The NCM’s I know are lovely people who care deeply about their children just like me. A few (also lovely people and caring mothers) have struggled with mental illness and disabilities. Despite their many differences, these moms all feel stigmatized by their status. Former stay-at-home mothers feel it strongest. But today, moms do not always get custody. Not even stay-at-home moms can take child custody for granted.

According to an expert in the field, dr. Krasas, since the 1970s courts have been rewriting custody determination standards in gender-neutral language. The tender-years doctrine from the 19th century (held that young children needed their mothers) lost its legal standing decades ago. Being the “Primary-caretaker” is also no longer the overarching determinant of custody decisions. Nevertheless, most divorce-related custody decisions are made without the intercession of the courts. Litigated custody decisions focus on “the best interests of the child,” which still does not imply that there is only one fit parent. Indeed, the vast majority of mothers and fathers who do not have primary custody of their children have never been proven unfit. Dad ‘gets’ primary custody, but mom is not “unfit.”

Remember, not having custody or not having your children live with you doesn’t mean you’re not still their mother. According to our court order (that I approved and agreed to) my son may sleep over on Wednesdays and I may have him every second weekend from Friday to Monday. We also share holidays etc. 50/50. I am a birth and bereavement doula and that means that those arrangements are not set in stone. And I am eternally grateful that my son has a stepmommy (without other children) who adores him and can’t get enough of him.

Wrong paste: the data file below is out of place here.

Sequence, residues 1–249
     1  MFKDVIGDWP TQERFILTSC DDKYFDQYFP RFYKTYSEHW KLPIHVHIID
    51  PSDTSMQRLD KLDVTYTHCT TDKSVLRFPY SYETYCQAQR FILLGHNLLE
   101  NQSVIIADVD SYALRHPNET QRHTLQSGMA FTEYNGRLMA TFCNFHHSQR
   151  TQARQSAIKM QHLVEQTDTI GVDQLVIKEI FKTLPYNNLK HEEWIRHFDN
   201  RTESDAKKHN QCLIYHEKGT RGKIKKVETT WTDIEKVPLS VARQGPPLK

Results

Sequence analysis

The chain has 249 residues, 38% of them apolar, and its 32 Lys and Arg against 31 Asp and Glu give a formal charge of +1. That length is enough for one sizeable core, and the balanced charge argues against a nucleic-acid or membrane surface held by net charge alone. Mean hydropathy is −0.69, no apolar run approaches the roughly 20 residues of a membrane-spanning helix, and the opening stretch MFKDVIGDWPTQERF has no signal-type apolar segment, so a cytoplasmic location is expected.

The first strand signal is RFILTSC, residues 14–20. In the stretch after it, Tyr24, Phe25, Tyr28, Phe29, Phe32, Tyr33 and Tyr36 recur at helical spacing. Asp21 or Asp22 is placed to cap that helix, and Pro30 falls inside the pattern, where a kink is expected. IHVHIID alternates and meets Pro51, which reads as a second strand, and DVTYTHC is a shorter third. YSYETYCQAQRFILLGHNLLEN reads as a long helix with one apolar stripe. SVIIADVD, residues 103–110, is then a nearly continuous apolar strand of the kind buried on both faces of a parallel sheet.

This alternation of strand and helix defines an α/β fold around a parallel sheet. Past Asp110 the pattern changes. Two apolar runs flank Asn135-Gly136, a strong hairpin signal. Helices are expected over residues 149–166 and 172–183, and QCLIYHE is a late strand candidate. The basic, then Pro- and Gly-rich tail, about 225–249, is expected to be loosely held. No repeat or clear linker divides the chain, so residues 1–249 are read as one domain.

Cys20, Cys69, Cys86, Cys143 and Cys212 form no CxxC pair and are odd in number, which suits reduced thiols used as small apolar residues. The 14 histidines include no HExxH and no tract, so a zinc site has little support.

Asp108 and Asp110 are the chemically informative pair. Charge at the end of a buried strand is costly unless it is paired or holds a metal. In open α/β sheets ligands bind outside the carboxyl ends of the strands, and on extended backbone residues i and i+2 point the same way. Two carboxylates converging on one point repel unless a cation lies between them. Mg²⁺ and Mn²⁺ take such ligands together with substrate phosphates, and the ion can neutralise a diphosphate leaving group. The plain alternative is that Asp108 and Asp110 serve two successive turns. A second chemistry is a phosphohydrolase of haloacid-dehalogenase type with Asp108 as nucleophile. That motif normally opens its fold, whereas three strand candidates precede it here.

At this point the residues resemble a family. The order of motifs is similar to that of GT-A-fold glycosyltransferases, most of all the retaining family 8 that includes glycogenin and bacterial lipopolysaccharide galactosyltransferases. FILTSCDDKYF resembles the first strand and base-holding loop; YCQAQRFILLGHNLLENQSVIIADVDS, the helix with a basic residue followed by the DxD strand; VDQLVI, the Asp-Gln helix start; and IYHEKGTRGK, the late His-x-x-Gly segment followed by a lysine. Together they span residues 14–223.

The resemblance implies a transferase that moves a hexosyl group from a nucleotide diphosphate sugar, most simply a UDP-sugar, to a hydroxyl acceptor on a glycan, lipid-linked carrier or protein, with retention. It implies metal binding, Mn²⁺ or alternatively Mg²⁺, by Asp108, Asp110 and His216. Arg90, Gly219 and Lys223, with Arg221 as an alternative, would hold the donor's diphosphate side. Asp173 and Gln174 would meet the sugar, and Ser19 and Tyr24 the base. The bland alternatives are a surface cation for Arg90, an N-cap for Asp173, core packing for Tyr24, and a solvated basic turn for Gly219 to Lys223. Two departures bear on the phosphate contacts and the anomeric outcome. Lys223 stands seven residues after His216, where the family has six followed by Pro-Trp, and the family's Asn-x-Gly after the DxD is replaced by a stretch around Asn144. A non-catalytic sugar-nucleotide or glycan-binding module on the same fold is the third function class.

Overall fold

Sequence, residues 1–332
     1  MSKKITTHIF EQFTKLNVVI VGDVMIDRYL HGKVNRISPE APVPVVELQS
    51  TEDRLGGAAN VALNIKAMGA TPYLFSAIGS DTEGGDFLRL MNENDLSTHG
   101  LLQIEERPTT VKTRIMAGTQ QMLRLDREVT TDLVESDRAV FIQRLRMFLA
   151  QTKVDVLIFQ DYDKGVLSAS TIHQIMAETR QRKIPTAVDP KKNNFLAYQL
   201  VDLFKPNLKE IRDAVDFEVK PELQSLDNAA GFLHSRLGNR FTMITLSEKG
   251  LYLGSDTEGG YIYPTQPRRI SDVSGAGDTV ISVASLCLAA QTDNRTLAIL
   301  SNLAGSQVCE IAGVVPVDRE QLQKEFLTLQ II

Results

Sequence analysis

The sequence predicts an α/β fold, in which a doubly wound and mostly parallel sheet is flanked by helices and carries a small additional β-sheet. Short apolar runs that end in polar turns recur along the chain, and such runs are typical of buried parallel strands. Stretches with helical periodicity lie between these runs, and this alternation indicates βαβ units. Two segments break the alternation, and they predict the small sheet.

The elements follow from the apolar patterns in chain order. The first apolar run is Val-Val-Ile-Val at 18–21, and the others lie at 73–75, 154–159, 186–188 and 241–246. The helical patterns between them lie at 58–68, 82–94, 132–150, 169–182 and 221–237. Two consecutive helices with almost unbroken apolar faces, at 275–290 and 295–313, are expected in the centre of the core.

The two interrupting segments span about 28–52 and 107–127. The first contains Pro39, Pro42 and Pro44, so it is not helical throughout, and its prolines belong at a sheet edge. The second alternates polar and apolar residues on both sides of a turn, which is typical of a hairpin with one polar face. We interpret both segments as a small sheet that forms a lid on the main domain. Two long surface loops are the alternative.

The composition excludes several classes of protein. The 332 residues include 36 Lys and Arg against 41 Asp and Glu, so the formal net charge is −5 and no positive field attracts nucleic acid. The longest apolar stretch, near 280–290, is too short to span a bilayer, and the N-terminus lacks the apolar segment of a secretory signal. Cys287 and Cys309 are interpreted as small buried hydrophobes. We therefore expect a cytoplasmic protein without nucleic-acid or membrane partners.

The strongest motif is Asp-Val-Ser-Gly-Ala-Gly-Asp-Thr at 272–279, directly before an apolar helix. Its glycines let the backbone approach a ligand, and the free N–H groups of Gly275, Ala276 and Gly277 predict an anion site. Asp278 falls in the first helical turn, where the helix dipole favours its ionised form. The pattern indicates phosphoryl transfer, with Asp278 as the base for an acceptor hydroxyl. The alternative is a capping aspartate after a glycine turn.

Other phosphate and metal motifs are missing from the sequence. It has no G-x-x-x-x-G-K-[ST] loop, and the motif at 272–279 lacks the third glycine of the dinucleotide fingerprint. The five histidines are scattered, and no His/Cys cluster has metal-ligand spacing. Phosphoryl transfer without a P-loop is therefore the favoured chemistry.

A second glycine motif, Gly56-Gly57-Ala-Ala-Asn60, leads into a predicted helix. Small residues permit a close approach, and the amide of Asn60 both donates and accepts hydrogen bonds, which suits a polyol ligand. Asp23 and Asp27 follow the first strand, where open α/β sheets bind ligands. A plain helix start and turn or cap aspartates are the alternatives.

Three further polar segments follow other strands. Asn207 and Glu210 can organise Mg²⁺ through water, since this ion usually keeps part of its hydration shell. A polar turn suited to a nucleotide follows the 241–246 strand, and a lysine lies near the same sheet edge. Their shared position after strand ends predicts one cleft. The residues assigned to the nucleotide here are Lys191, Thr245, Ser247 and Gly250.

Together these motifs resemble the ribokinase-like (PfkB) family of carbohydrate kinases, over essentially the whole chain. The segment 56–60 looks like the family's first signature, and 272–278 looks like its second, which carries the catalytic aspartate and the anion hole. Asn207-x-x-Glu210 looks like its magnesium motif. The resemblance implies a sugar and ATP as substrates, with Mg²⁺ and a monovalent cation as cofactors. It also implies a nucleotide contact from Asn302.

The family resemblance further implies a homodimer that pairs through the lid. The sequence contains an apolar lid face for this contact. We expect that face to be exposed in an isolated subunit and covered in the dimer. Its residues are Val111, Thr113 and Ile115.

Our son is a well-adjusted, happy, healthy little boy who is secure in the knowledge that his daddy, mommy, mamma (stepmom), uncle Fish (my husband) and his big brothers love him very, very much. He has lots of grandparents and extended family and he just loves being loved. Yes, I had to make many, many sacrifices and yes, going to his school is awkward and straight up hard for me. But I love my son more than I fear rejection from others so I go and I smile and wave – even when it feels like everyone is ignoring or excluding me.

To me as a NCM it is so important that schools, school communities, workplaces, and medical offices provide the same level of access, communication, and support that they provide to non-custodial dads. Although the laws support NCMs, prejudice and ignorance still prevent these moms from being fully included in their children’s lives. On a more individual level, non-custodial moms long to be treated with the nonchalance non-custodial dad’s experience.

A word of advice? When meeting such a woman, ask her just what you would ask a non-custodial dad, “How old are your kids? What are their names? What do they like to do?” Try it. You will be pleasantly surprised. My little boy is my pride and joy. Ask me about him and you’ll find that out for yourself soon enough. I’m his mommy and I love him unconditionally. No matter where his primary residence is!

(With acknowledgment to Prof. Jacki Krasas – a professor of sociology and Director of the Women’s Studies Program at Lehigh University who is conducting research on non-custodial mothers.)